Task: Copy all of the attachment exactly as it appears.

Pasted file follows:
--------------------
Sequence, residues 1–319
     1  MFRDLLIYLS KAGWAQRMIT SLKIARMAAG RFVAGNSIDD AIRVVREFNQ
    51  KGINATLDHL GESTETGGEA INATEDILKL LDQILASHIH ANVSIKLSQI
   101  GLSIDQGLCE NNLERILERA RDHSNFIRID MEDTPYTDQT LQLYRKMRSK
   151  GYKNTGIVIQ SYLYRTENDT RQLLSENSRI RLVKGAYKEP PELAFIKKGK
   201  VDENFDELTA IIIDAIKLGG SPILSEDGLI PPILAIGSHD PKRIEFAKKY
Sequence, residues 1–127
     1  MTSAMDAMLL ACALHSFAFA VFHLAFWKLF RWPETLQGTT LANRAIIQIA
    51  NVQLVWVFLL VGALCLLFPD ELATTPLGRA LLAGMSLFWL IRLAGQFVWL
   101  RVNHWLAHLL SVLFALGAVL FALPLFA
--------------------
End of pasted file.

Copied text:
Sequence, residues 1–319
     1  MFRDLLIYLS KAGWAQRMIT SLKIARMAAG RFVAGNSIDD AIRVVREFNQ
    51  KGINATLDHL GESTETGGEA INATEDILKL LDQILASHIH ANVSIKLSQI
   101  GLSIDQGLCE NNLERILERA RDHSNFIRID MEDTPYTDQT LQLYRKMRSK
   151  GYKNTGIVIQ SYLYRTENDT RQLLSENSRI RLVKGAYKEP PELAFIKKGK
   201  VDENFDELTA IIIDAIKLGG SPILSEDGLI PPILAIGSHD PKRIEFAKKY
Sequence, residues 1–127
     1  MTSAMDAMLL ACALHSFAFA VFHLAFWKLF RWPETLQGTT LANRAIIQIA
    51  NVQLVWVFLL VGALCLLFPD ELATTPLGRA LLAGMSLFWL IRLAGQFVWL
   101  RVNHWLAHLL SVLFALGAVL FALPLFA